Archive | June, 2018

New paper in PLOS Genetics. CpG sites are costly for HIV

28 Jun

We are publishing a new paper today in PLOS Genetics!

Title: Within-patient mutation frequencies reveal fitness costs of CpG dinucleotides and drastic amino acid changes in HIV.

“We” here means 6 coauthors of 5 different nationalities (which shows why travel bans are bad for science)! This is the first published result of our collaboration with Adi Stern in Tel Aviv.

Screenshot 2018-06-28 08.51.05

 

Result 1: CpG sites are costly for HIV.

The most surprising result of our paper (to me at least) is that mutations that create CpG sites are significantly more costly than mutations that do not create CpG sites. We know that they are more costly because they segregate at lower frequencies. Clearly, CpG sites are not good for HIV!

In this figure (which shows synonymous mutations only) you can see that the light blue dots are at lower frequencies than the green dots – each blue dot is the frequency of a synonymous mutation that creates a CpG site and each green dot is the frequency of a synonymous mutation that does not.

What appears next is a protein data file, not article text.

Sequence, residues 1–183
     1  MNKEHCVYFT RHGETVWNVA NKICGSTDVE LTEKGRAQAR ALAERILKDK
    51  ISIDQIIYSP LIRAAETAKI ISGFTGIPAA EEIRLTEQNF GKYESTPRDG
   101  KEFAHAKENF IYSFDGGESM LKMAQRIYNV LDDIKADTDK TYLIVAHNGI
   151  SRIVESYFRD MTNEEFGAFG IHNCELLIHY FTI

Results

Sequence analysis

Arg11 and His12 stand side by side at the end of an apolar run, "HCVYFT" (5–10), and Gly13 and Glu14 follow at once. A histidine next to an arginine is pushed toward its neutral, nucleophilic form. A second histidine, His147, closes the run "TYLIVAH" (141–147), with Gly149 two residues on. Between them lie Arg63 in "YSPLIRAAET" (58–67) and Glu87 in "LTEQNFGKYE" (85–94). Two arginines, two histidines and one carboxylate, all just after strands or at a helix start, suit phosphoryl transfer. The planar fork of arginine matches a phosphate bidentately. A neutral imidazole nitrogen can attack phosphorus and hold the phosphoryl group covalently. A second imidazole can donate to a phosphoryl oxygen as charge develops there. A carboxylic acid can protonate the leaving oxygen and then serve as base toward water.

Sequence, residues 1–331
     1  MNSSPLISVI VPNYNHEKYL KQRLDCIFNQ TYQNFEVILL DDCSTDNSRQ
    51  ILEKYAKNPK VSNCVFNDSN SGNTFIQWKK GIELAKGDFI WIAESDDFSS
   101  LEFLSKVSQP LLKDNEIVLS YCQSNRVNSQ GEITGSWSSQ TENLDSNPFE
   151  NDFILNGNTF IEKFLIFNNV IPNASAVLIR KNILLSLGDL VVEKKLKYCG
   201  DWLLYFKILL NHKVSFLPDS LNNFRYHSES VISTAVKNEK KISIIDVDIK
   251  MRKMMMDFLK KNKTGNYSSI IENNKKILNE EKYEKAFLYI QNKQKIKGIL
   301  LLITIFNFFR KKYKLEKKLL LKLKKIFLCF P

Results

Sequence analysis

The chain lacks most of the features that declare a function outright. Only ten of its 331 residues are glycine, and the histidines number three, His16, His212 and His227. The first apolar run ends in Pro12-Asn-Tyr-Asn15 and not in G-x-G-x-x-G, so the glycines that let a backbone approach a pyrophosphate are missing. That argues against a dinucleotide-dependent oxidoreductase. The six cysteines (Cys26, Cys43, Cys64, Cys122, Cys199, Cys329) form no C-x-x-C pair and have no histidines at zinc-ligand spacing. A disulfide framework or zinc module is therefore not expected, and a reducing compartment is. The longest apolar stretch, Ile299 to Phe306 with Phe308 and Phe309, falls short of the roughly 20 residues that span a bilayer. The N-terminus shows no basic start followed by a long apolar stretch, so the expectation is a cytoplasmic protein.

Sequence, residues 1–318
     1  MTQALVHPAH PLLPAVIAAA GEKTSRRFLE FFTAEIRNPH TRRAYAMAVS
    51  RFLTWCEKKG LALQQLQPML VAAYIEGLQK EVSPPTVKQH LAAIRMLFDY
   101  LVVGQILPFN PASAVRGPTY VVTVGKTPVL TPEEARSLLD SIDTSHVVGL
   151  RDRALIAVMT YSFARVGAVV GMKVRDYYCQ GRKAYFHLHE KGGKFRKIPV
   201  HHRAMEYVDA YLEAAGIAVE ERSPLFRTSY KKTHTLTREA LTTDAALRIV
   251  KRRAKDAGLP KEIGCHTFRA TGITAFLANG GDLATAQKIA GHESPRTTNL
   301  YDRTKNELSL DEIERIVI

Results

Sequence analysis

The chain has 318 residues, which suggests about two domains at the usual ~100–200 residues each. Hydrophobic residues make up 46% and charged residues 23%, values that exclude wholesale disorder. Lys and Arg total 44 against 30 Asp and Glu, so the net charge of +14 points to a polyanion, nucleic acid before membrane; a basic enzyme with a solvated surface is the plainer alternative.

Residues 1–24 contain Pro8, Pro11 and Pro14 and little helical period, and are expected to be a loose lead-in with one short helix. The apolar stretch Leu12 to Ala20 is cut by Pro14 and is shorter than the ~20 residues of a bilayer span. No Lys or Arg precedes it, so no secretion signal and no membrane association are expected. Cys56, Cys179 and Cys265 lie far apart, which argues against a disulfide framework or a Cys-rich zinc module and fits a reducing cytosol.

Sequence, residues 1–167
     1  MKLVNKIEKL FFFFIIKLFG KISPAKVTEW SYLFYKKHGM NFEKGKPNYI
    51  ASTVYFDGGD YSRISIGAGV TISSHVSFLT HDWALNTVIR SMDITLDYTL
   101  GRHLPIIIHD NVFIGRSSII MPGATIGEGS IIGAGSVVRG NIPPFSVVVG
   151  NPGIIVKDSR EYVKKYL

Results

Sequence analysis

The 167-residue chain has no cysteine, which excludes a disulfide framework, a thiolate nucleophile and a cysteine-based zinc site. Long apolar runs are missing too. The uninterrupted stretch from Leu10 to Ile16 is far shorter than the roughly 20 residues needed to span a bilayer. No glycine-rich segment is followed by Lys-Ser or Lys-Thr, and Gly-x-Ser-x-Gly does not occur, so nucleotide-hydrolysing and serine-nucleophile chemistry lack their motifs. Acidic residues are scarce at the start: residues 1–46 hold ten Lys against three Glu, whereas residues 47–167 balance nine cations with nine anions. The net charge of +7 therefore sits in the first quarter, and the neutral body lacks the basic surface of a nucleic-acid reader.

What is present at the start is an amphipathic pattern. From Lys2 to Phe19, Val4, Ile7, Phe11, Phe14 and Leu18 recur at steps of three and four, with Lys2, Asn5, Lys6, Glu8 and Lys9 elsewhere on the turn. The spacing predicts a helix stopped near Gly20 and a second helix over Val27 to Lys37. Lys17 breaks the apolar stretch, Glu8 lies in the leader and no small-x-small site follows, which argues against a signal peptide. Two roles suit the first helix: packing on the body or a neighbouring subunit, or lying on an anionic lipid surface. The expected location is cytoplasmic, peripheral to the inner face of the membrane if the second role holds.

Screenshot 2018-06-28 08.59.05

Why are CpGs bad for HIV? This paper suggests that CpG sites are recognized by our immune system because Zinc-finger Antiviral Protein “binds directly and selectively to RNA sequences containing CG dinucleotides”.

Result 2: It works!

A more technical result is that we show that we can actually use within-patient mutation frequencies to estimate fitness costs of mutations. This means that we can study costs as they occur *now* (as opposed to phylogenetic approaches) and *in vivo* (as opposed to cell-culture based approaches).

This figure shows the single-site frequency spectra for three sites. Mutation frequencies are observed in 160 different patients. The second row shows simulated mutation frequencies using inferred cost estimates from the data. They look very similar to the real site frequency spectra!

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Here we show that average in vivo mutation frequencies are lowest for nonsense mutations (black), higher for non-synonymous mutations (pink) and highest for synonymous mutations (yellow). This is exactly what mutation-selection equilibrium predicts.

Screenshot 2018-06-28 08.58.48

 

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